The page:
Top Obama Administration Officials Use Secret Government E-mails

by Katherine Howell

It seems that “Richard Windsor” is not an anamoly. That was the alias former EPA head Lisa Jackson used in an e-mail account to conduct official government business. (Richard Windsor also turned out to be the EPA’s highest-achieving non-existent employee, as Eliana Johnson reported yesterday.)

In response to the revelations about Jackson’s secret e-mail account, the Associated Press decided to dig into the practice in other government agencies. But administration officials have been less than forthcoming, the AP reveals:

The scope of using the secret accounts across government remains a mystery: Most U.S. agencies have failed to turn over lists of political appointees’ email addresses, which the AP sought under the Freedom of Information Act more than three months ago. The Labor Department initially asked the AP to pay more than $1 million for its email addresses. . . .

Ten agencies have not yet turned over lists of email addresses, including the Environmental Protection Agency; the Pentagon; and the departments of Veterans Affairs, Transportation, Treasury, Justice, Housing and Urban Development, Homeland Security, Commerce and Agriculture. All have said they are working on a response to the AP.

The Health and Human Services Department did respond, but reluctantly, omitting the e-mail addresses of Secretary Kathleen Sebelius from the initial list it turned over to the AP. When the news agency objected, HHS gave them three e-mails for Sebelius, including a secret one, which HHS asked not be revealed. The AP disregarded that request, and published the e-mail — [email protected] — “because the secretary is a high-ranking civil servant who oversees not only major agencies like the Centers for Medicare and Medicaid Services but also the implementation of Obama’s signature health care law.”

The Labor Department had an even more bizarre method of stonewalling:

The Labor Department initially asked the AP to pay just over $1.03 million when the AP asked for email addresses of political appointees there. It said it needed pull 2,236 computer backup tapes from its archives and pay 50 people to pore over old records. Those costs included three weeks to identify tapes and ship them to a vendor, and pay each person $2,500 for nearly a month’s work. But under the department’s own FOIA rules — which it cited in its letter to the AP — it is prohibited from charging news organizations any costs except for photocopies after the first 100 pages. The department said it would take 14 weeks to find the emails if the AP had paid the money.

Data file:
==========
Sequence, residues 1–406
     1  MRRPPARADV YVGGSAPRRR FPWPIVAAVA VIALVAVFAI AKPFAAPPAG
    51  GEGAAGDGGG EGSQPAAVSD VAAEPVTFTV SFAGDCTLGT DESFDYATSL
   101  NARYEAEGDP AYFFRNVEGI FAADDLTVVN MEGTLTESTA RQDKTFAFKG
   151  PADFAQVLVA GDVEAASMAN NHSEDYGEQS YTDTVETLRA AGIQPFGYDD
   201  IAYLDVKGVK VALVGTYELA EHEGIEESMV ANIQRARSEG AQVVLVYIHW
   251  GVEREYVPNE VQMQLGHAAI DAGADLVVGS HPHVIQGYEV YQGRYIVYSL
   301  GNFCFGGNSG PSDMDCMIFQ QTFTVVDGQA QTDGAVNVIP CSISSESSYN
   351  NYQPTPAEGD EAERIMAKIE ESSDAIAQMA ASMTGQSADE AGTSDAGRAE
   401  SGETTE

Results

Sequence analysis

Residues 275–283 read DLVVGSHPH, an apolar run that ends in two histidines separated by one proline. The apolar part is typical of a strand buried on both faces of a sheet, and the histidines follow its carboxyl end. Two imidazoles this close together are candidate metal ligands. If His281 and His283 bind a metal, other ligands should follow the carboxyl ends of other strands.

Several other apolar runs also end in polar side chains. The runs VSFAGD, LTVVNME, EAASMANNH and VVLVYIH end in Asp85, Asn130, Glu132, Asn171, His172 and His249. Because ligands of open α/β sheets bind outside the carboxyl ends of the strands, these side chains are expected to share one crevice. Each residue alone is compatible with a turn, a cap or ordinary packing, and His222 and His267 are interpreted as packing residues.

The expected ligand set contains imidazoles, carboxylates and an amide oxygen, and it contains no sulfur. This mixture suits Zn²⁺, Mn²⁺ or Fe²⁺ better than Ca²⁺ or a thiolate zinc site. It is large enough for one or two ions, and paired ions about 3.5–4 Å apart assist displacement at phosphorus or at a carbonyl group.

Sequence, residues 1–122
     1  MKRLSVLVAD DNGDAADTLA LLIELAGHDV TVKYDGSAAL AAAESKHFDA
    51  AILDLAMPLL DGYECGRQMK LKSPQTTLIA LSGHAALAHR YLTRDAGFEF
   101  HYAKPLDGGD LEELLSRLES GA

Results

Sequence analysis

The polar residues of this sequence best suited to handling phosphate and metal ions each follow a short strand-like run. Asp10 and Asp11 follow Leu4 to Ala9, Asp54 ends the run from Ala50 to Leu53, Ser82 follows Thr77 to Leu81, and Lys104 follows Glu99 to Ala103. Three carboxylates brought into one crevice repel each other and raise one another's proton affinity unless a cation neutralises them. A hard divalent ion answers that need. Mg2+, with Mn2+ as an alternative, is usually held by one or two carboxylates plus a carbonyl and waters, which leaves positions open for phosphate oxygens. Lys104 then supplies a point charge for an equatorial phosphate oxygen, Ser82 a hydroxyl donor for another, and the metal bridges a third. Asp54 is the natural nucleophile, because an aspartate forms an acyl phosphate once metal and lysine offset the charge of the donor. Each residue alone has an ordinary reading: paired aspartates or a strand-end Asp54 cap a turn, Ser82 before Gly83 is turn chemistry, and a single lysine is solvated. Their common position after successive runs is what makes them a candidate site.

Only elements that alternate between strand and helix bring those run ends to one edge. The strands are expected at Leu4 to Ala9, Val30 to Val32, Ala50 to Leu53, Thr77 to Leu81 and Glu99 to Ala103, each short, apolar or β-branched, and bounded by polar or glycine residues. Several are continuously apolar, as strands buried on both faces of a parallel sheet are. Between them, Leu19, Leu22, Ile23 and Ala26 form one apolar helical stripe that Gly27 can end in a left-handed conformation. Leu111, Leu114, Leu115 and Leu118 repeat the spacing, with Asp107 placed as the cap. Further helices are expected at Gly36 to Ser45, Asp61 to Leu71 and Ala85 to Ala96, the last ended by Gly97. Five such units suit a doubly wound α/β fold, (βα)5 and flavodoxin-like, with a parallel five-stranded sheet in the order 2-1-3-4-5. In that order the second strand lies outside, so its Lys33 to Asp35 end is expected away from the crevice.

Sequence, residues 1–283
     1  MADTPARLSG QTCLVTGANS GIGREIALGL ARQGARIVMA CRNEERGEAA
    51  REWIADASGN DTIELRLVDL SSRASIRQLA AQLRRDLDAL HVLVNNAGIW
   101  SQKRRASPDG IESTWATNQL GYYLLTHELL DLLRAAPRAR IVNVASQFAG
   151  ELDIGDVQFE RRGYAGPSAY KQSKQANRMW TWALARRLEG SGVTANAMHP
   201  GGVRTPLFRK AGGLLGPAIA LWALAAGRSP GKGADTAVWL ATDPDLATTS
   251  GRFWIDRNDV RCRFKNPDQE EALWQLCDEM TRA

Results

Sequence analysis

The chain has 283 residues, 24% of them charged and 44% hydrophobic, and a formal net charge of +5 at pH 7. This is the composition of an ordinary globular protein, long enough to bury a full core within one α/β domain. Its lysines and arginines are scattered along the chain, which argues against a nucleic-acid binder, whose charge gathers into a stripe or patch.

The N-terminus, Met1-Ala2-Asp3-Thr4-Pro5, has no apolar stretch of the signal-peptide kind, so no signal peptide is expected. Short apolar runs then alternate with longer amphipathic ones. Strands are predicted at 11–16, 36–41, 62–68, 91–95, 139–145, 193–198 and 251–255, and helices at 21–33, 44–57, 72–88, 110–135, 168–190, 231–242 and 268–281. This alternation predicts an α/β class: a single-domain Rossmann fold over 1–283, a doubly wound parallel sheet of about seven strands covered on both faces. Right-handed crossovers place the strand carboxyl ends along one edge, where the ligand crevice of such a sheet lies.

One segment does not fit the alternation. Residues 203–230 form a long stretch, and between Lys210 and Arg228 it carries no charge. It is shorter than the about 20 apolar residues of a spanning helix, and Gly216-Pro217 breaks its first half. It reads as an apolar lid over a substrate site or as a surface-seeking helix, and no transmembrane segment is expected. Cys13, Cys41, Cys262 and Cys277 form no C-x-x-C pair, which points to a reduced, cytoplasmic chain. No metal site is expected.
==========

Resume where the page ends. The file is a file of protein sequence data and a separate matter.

Fillichio later acknowledged that the $1.03 million bill was a mistake and provided the AP with email addresses for the agency’s Senate-confirmed appointees, including three addresses for Harris, the acting secretary.

The story notes that these are not private e-mail accounts that government employees use to conduct official business, which sometimes improperly occurs, but rather are official government e-mail addresses. Administration officials maintain that it’s necessary to create separate accounts that are not public in order to more efficiently conduct day to day business internal to the department. The obvious problem with this is that if no one outside the agencies knows the accounts exist, then FOIA requests for documents or outside investigations won’t be able to target them.

The answer to this objection from the Labor Department and HHS officials was essentially “trust us.” They maintained that the agencies always voluntarily searched secret as well as public e-mail accounts in response to requests for information. In a search of hundreds of pages of e-mails released under open-record laws, however, the AP found only one instance of a published e-mail that included a secret e-mail account. 

Just what you’d expect from the “most transparent administration in history.”

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